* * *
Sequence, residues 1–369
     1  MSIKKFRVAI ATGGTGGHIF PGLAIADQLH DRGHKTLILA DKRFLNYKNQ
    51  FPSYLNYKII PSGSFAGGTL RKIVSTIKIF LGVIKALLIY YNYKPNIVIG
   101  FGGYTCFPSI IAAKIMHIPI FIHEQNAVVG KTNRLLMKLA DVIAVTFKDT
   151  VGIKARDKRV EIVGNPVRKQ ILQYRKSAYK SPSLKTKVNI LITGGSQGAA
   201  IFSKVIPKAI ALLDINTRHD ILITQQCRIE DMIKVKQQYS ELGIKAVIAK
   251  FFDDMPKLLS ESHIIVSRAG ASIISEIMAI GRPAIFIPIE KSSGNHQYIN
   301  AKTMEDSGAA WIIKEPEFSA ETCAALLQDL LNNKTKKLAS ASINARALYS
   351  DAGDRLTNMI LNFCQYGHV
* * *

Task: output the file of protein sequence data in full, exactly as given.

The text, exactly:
Sequence, residues 1–369
     1  MSIKKFRVAI ATGGTGGHIF PGLAIADQLH DRGHKTLILA DKRFLNYKNQ
    51  FPSYLNYKII PSGSFAGGTL RKIVSTIKIF LGVIKALLIY YNYKPNIVIG
   101  FGGYTCFPSI IAAKIMHIPI FIHEQNAVVG KTNRLLMKLA DVIAVTFKDT
   151  VGIKARDKRV EIVGNPVRKQ ILQYRKSAYK SPSLKTKVNI LITGGSQGAA
   201  IFSKVIPKAI ALLDINTRHD ILITQQCRIE DMIKVKQQYS ELGIKAVIAK
   251  FFDDMPKLLS ESHIIVSRAG ASIISEIMAI GRPAIFIPIE KSSGNHQYIN
   301  AKTMEDSGAA WIIKEPEFSA ETCAALLQDL LNNKTKKLAS ASINARALYS
   351  DAGDRLTNMI LNFCQYGHV